When Facebook CEO Mark Zuckerberg bought Oculus something changed about the emerging mixed reality industry. Money spent to advance VR and AR started skyrocketing, with far-off technologies like light fields suddenly receiving huge investments.
The VR industry as a whole is what it is today because of a string of events culminating in Zuckerberg’s $2 billion bet on Oculus. Few are aware, however, that the acquisition was made possible because Valve shared key technology with Oculus. Of course, we also wouldn’t have two very cool VR headsets to buy in 2016 if it wasn’t for the sharing of that technology.
Here’s how we got into this situation.
Valve “Lent” A Key Prototype To An Enthusiastic Startup
Alan Yates is one of the Valve engineers responsible for developing Lighthouse, the novel tracking solution that gives people wearing the HTC Vive freedom to walk around an entire room in VR. This week Yates pointed out a little known fact about Oculus in a comment on Reddit. Namely, that Valve “lent” Oculus a key prototype. Two years later, Oculus uses customized lenses and a computer vision-based tracking system in its headset but, other than that, the Rift and Vive are functionally the same.
Here’s what Yates wrote on Reddit:
…Oculus has their own CV-based tracking implementation and fresnel lens design but the CV1 is otherwise a direct copy of the architecture of the 1080p Steam Sight prototype Valve lent Oculus when we installed a copy of the “Valve Room” at their headquarters. I would call Oculus the first SteamVR licensee, but history will likely record a somewhat different term for it…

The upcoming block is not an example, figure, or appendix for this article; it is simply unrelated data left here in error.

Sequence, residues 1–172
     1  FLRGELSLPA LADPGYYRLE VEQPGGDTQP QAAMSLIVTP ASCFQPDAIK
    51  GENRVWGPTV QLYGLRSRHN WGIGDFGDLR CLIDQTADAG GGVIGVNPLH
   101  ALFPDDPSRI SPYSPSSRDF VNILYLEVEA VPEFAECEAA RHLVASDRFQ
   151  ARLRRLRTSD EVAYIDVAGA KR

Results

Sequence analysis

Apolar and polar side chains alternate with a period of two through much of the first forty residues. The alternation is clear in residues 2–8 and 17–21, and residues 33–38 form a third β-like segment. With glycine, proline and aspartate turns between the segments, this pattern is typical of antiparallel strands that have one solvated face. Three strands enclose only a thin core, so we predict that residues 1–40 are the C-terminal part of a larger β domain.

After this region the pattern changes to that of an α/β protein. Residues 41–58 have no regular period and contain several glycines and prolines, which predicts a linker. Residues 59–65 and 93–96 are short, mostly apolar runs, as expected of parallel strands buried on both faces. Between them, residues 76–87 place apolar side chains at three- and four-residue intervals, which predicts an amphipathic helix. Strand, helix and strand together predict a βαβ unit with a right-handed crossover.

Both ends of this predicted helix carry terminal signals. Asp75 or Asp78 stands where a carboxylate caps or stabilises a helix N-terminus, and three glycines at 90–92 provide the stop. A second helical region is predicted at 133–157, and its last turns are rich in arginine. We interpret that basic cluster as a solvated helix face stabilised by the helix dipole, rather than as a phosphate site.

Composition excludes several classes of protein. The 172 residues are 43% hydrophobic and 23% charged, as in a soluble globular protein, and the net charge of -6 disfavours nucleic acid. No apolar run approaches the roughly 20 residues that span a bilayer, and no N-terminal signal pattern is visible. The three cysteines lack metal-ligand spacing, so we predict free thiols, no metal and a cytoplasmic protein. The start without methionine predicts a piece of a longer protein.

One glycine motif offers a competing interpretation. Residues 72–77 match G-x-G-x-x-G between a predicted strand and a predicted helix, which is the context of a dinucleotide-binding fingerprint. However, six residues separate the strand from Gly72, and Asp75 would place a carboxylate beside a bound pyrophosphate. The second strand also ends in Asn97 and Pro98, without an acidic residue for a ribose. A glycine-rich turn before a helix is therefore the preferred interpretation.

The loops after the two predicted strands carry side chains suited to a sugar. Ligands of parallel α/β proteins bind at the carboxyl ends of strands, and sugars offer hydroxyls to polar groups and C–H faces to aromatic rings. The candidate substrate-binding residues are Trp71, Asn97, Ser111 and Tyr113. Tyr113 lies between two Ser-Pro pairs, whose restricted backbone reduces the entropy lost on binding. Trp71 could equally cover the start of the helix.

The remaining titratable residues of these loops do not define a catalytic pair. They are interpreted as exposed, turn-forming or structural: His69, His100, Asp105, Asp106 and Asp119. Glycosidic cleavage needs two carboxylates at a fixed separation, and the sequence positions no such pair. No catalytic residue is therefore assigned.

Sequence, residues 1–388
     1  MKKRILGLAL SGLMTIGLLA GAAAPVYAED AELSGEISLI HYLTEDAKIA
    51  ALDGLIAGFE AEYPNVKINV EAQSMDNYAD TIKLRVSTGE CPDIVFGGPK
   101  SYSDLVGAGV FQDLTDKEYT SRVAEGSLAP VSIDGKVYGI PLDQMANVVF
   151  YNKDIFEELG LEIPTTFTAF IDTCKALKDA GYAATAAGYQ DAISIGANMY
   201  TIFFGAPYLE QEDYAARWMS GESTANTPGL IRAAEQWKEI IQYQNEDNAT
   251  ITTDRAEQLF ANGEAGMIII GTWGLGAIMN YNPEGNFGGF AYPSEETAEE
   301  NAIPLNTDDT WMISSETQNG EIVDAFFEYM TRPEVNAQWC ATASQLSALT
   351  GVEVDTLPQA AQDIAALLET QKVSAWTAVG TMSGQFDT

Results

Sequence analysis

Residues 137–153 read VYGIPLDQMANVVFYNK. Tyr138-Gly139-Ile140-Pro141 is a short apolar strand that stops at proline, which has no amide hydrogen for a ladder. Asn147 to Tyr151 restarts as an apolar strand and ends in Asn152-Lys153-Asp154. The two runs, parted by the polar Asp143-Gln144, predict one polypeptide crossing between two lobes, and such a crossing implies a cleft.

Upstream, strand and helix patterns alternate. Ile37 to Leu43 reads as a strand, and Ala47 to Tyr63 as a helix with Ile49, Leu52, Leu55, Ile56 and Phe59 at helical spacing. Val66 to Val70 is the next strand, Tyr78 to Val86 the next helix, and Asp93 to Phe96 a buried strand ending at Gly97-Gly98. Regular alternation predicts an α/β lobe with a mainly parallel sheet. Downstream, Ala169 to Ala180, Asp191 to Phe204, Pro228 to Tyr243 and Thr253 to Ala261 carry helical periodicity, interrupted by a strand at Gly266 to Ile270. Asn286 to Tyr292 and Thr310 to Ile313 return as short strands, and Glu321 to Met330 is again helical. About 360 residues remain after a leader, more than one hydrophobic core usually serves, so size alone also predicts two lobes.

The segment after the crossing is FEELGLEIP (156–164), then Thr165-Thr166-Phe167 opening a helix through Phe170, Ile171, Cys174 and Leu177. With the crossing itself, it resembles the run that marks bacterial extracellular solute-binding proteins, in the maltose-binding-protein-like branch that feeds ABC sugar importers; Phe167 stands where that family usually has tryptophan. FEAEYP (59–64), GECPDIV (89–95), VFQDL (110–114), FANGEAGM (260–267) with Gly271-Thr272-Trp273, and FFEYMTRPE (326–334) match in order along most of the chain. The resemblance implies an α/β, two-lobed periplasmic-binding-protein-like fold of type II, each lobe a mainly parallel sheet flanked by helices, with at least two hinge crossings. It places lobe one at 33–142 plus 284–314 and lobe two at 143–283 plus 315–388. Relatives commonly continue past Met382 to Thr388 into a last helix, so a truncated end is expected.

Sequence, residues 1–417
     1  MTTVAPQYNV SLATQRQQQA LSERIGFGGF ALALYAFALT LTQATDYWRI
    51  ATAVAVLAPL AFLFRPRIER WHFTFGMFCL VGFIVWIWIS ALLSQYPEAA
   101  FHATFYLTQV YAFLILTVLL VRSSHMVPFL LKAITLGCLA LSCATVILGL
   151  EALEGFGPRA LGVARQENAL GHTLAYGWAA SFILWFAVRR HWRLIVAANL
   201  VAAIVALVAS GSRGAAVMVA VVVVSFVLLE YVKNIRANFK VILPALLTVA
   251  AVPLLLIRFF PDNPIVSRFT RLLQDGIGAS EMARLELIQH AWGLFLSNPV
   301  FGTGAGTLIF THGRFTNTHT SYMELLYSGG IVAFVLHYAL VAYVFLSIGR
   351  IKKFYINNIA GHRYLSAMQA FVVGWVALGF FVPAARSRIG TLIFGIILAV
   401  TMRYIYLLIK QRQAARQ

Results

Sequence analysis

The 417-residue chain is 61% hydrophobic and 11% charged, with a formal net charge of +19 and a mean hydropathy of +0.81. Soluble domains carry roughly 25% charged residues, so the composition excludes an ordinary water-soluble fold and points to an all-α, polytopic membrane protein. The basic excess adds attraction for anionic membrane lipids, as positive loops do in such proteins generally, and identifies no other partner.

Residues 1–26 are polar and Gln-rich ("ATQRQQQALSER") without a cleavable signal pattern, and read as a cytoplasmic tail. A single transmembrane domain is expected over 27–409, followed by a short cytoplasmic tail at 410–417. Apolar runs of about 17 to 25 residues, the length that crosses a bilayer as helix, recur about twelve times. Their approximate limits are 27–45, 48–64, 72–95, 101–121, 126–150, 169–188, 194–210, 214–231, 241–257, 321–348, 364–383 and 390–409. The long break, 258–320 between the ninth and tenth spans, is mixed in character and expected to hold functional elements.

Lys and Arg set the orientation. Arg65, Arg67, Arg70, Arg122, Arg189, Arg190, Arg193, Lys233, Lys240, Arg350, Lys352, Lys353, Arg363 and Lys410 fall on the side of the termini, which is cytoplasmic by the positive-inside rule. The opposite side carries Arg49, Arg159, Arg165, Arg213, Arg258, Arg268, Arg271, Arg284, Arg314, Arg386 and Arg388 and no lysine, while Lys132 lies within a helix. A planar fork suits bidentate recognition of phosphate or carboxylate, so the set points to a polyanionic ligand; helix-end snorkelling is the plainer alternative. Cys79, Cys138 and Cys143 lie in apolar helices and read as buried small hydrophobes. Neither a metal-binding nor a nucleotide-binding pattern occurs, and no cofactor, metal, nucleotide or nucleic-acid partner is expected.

Before Valve shared this technology Oculus had yet to solve simulator sickness. It was just an enthusiastic startup with an underdog story (founded by a teenager!) on a mission to see VR go mainstream. At the time, the company only had its very basic first development kit on the market — way behind the Valve prototype.
Valve changed that, helping Oculus win a huge round of investment and then an audience with Zuckerberg. It’s worth remembering, too, that Gabe Newell’s endorsement of Oculus in the original Kickstarter project was a last minute addition that helped add legitimacy to the crowdfunding effort.
Facebook Buys Oculus
Facebook needs a platform it can control to become a consumer electronics company on the scale of Microsoft, Apple, Amazon, Google or Sony. Remember the failed Facebook phone? That was Zuckerberg’s previous attempt at such a platform.
Back in 2014, it looked like Brendan Iribe and Oculus could deliver a new platform people truly wanted. In January of that year Zuckerberg came to Oculus and tried out Valve’s technology.
At the time, and given that demo, Zuckerberg could be forgiven for thinking Oculus would be first out with a high-quality VR platform they could bring to phone and PC industries starving for profit and freedom against Apple and Google. Additional partners could help build a whole slew of headsets and products “powered” by Oculus.
During the rapid due diligence that would’ve been involved in the whirlwind Facebook acquisition, was Zuckerberg able to get a full understanding of how much technology Oculus had in its intellectual property portfolio? Michael Abrash was hired away Valve amid the acquisition to lead research and build up some of those insights going forward, but how much of the technology Oculus showed Zuckerberg in the “Valve room” in January 2014 did he think they owned?
Regardless of what Oculus did or did not tell Zuckerberg, it would take two more years for Oculus to finish the Rift and get it into the market. Oculus had to create the store. And the headset. And the controllers. And fund the games. Meanwhile, Valve was faced with the prospect of its research now helping a company with very deep pockets and ambitions to be the next Apple or Google.